AS the party conference season draws to a close, thoughts will turn to the general election likely next year. In Scotland it is going to be a strange affair. Already there is speculation about the relevance of Scottish National Party involvement since it has said that the goal of independence will come through winning a majority in the Scottish Parliament, not of Scottish MPs at Westminster.
But the issues on which the election will be fought in England are in many cases the responsibility of the Parliament in Edinburgh (and the Welsh and Northern Ireland assemblies). It is almost the West Lothian question in reverse: Scottish voters will not play a direct part in the debates about education and health. And the political leadership in Scotland belongs to the Edinburgh Parliament, with MPs like Donald Dewar, Jim Wallace and John Swinney surrendering their Westminster seats.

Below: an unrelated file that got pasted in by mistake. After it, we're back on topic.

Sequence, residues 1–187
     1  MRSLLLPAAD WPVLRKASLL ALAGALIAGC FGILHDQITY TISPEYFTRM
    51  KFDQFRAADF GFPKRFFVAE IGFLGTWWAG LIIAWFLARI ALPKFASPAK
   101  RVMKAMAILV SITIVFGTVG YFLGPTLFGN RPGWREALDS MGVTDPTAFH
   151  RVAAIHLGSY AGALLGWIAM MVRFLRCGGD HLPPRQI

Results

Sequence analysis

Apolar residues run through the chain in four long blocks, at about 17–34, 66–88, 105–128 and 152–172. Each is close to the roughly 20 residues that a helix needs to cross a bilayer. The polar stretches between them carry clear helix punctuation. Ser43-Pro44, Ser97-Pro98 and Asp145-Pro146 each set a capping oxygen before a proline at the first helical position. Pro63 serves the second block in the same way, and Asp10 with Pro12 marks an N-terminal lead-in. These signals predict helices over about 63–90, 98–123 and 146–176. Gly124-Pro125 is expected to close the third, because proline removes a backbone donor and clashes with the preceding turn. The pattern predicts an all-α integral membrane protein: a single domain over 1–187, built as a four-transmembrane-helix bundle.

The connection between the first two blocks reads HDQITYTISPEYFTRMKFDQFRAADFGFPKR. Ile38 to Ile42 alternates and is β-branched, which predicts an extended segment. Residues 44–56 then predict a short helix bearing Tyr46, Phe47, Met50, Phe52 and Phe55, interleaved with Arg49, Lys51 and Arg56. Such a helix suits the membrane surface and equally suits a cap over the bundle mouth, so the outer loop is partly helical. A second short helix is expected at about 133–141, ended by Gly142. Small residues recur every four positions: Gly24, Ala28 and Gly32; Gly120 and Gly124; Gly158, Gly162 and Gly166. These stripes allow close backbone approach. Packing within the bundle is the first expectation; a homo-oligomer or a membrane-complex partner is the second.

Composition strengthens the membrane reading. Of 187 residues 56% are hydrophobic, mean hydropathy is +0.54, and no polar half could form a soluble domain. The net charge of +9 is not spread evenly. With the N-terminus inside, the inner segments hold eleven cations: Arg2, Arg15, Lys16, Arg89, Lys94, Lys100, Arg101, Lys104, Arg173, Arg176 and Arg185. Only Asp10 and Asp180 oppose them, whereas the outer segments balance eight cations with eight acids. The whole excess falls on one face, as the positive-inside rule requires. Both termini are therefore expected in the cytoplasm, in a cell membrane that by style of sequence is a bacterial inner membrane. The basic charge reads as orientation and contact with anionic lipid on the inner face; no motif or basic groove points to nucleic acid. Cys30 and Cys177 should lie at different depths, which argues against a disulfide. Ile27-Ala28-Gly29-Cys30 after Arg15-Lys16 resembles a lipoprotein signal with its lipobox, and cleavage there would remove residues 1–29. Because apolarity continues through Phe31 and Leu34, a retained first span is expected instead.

However Tony Blair seeks to advance the cause of education, education education with a renewed mandate will no affect Scotland, nor directly would William Hague's plans to release schools from bureaucratic thrall. But the colour of the next administration will still affect voters north of the border and not just in reserved matters. If the British Government takes education down a particular path in England, the influence will be felt here. That could happen even if the two administrations were of a different colour. Let us assume that a Conservative government launched a crusade for higher standards in schools, backed by significant money. The Scottish coalition would opt out at its peril, because of voter expectations.
It is already clear that although devolution allows the Executive to determine how money will be spent on education and health, the decision to concentrate funding on these services comes from Downing Street and the Treasury. To that extent an election campaign that turns on spending commitments and tax levels should engage voters here as much as south of the border.